• June 8th, 2015 Announcements API New playlist representations By Erik Michaels-Ober

    Requests for playlists have always included the full track objects contained within. This representation may be convenient for playlists with ten or twenty tracks but can cause problems for playlists that contain hundreds or thousands of tracks. Requesting such large playlists could result in requests that take a long time to respond and that eventually timeout.

    Today, we introduce two new representations for the /playlists resource: compact and id.

    If you add representation=compact to a playlist request, the request will return only the playlist itself, without any of the tracks it contains. This representation may be useful if you're purely interested in data about the playlist itself and not the tracks contained within.

    Alternatively, if you set the representation=id parameter, it will return the playlist along with IDs of the tracks contained within, without all the associated track meta data (artist, artwork, duration, etc.) If necessary, you can then individually fetch additional information about each track by filling those IDs into the /tracks resource. This allows for greater parallelization and can help make your application more responsive when working with large playlists.

    By default, requests for playlists will continue to include all the contained tracks. There is no need to update your application but we encourage you to take advantage of these new, more efficient representations of playlists.

  • May 18th, 2015 Announcements API Apple's June 1 64-bit deadline By Erik Michaels-Ober

    In October 2014, Apple announced that all submissions to the App Store must include 64-bit support by June 1, 2015. The SoundCloud API for Cocoa contains 32-bit dependencies and will not be updated, because it has been discontinued. Anyone using the SoundCloud API for Cocoa will need to will need to migrate away from it if they wish to update their app after June 1.

    To ease this transition we have built a sample app that demonstrates how to authorize a user via OAuth using only built-in Foundation libraries.

    Once an access_token has been obtained via OAuth, you can make GET requests like so:

    let urlSession = NSURLSession.sharedSession()
    let urlString = ""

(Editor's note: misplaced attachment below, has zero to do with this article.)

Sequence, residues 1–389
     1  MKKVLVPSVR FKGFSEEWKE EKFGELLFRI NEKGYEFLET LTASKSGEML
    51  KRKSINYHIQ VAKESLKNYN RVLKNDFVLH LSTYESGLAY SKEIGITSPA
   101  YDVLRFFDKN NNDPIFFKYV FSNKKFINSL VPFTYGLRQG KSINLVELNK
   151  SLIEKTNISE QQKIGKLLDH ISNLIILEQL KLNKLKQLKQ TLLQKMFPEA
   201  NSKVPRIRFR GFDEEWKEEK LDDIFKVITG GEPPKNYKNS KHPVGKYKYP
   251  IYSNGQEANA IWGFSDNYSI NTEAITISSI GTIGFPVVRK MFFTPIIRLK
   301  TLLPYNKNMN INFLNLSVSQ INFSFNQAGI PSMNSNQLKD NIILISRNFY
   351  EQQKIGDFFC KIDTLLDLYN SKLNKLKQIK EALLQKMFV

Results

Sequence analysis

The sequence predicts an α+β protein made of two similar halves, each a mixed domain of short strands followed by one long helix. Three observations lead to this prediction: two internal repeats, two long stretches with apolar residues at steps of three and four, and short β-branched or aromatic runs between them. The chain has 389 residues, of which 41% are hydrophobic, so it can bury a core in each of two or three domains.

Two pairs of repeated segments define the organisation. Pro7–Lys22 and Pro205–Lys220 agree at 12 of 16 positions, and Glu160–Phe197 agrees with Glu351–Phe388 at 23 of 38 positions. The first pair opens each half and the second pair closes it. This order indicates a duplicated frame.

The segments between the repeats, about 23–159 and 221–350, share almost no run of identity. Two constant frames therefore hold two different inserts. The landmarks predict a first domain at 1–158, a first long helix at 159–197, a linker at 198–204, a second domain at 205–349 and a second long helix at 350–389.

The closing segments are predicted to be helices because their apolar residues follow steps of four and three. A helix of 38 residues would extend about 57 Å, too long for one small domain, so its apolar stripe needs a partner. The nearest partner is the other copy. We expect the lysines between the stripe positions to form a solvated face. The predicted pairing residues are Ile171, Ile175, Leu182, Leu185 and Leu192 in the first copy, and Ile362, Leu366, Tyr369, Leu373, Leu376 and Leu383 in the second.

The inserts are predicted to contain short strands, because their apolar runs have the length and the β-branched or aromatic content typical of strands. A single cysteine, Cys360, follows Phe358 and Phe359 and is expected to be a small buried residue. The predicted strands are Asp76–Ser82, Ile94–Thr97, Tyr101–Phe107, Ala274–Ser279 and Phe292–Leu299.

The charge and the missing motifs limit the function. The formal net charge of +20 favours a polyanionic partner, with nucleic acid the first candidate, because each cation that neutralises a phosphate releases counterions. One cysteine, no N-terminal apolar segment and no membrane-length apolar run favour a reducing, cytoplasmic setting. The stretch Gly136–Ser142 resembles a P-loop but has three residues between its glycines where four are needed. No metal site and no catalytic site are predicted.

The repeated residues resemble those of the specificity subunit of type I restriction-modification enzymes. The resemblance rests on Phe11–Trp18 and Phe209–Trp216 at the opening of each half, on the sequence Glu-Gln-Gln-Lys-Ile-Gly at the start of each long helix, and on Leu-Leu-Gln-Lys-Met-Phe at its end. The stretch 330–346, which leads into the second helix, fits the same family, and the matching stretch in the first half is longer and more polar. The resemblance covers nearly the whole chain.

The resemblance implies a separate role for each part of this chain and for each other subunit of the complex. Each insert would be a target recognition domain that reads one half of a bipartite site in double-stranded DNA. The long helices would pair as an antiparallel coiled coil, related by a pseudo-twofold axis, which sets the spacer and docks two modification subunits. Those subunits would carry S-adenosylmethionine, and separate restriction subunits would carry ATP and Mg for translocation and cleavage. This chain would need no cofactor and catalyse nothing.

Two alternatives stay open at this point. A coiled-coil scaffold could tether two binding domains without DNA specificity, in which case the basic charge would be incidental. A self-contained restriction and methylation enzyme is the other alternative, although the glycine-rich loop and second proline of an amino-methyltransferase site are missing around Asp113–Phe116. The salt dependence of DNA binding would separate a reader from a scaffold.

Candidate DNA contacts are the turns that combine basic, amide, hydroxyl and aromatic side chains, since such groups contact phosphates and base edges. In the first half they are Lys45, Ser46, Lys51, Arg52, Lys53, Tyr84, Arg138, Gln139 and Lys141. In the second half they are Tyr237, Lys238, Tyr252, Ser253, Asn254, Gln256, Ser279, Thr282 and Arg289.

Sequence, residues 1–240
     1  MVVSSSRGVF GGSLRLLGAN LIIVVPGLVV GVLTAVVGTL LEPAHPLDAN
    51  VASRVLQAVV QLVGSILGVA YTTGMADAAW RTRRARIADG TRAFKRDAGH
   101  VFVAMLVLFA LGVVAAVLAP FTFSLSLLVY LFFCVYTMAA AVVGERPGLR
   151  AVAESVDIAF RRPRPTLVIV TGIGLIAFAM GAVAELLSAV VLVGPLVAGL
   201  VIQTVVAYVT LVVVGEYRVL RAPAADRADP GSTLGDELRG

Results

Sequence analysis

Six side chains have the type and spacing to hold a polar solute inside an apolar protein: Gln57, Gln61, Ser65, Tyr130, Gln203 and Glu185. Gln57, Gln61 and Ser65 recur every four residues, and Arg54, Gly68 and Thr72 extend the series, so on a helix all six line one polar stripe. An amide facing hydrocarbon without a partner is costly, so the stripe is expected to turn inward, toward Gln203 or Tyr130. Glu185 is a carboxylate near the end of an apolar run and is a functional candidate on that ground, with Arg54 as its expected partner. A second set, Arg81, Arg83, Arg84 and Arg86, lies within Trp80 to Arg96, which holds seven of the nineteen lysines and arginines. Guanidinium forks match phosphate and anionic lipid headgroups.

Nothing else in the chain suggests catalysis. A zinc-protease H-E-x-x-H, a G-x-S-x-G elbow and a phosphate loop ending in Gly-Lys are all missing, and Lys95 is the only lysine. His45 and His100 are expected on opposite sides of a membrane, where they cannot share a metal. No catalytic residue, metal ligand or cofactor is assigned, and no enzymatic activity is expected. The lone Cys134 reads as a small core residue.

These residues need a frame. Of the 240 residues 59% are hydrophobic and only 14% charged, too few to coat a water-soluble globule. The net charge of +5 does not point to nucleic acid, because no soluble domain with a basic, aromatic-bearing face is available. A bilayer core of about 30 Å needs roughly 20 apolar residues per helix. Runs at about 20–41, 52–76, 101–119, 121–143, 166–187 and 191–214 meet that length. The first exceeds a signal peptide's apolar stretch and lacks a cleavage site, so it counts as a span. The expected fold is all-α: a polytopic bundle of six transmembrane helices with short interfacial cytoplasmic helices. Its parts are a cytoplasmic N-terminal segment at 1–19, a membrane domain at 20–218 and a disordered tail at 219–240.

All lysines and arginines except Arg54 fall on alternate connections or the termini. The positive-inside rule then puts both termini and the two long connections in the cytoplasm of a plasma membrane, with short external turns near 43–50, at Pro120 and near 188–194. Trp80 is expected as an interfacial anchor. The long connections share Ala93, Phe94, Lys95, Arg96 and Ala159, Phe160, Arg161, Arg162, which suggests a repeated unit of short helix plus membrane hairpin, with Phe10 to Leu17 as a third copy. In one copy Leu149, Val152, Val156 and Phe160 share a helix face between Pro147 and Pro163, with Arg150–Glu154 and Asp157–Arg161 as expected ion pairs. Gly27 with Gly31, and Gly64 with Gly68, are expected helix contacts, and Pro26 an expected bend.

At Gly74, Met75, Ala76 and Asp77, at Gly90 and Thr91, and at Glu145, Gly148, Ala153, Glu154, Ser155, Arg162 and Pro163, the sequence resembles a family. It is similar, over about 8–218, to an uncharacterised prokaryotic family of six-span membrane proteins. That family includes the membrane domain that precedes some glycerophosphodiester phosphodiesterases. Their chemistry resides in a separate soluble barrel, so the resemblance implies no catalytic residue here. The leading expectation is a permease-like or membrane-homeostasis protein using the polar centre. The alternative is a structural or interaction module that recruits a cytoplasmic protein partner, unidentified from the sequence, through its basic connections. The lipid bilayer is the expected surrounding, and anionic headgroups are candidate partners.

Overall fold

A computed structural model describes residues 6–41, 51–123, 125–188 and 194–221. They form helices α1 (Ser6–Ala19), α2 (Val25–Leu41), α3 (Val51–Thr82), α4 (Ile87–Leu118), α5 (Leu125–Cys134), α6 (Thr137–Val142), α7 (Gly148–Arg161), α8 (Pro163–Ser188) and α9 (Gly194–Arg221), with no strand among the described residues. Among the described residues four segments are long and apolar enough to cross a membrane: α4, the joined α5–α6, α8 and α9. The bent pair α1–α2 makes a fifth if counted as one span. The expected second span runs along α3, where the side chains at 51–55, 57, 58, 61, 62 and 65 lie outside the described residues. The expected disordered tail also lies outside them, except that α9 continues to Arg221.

let urlComponents = NSURLComponents(string: urlString)!
    urlComponents.queryItems = [ NSURLQueryItem(name: "oauth_token", value: "insert an OAuth token here")]
    let url = urlComponents.URL!
    let dataTask = urlSession.dataTaskWithRequest(NSURLRequest(URL: url)) { (data, response, error) -> Void in
       if let jsonOutput = NSJSONSerialization.JSONObjectWithData(data, options: nil, error: nil) as? [String:AnyObject] {
           // do stuff with JSON

    POST requests that contain multipart data (e.g. uploading a track) look like this:

    import UIKit
    class ViewController: UIViewController {
        func uploadTrack(title: String, trackPath: String) {
            let urlSession = NSURLSession.sharedSession()
            let urlRequest = getURLRequest(title, audioPath: trackPath)
            let task = urlSession.dataTaskWithRequest(urlRequest) { (data, response, error) -> Void in
                if let httpResponse = response as? NSHTTPURLResponse {
                    println("returned \(httpResponse.statusCode)")
                if data != nil, let response = NSString(data: data, encoding: NSUTF8StringEncoding) {
                if let err = error {
        func getURLRequest(title: String, audioPath: String) -> NSURLRequest {
            let boundary = NSUUID().UUIDString
            let request = NSMutableURLRequest(URL: NSURL(string: "")!)
            request.HTTPMethod = "POST"
            request.HTTPBody = getPostData("insert an OAuth token here", boundary: boundary, title: title, audioPath: audioPath)
            let contentType = "multipart/form-data; boundary=" + boundary
            request.setValue(contentType, forHTTPHeaderField: "Content-Type")
            return request
        func getPostData(token: String, boundary: String, title: String, audioPath: String) -> NSData {
            let boundaryStart = "--\(boundary)\r\n"
            let boundaryEnd = "\r\n--\(boundary)--\r\n"
            let bodyData : NSMutableData = NSMutableData()
            // add the token
            var tokenSection = boundaryStart
            tokenSection += "Content-Disposition: form-data; name=\"oauth_token\"\r\n\r\n"
            tokenSection += "\(token)\r\n"
            // add the track title
            var titleSection = boundaryStart
            titleSection += "Content-Disposition: form-data; name=\"track[title]\"\r\n\r\n"
            titleSection += "\(title)\r\n"
            // add the audio file
            let trackData = NSData(contentsOfFile: audioPath)!
            var trackSection = boundaryStart
            trackSection += "Content-Disposition: form-data; name=\"track[asset_data]\"; "
            trackSection += "filename=\"\(audioPath.lastPathComponent)\"\r\n"
            trackSection += "Content-Type: application/octet-stream\r\n"
            trackSection += "\r\n"
            return bodyData

    Note: This example assumes access tokens will never expire, however, we encourage you not to make this assumption in your production code. Instead, build your app assuming that tokens will periodically expire and can be refreshed using a refresh token. For details on how to use a refresh token, see Section 1.5 of the OAuth 2.0 specification.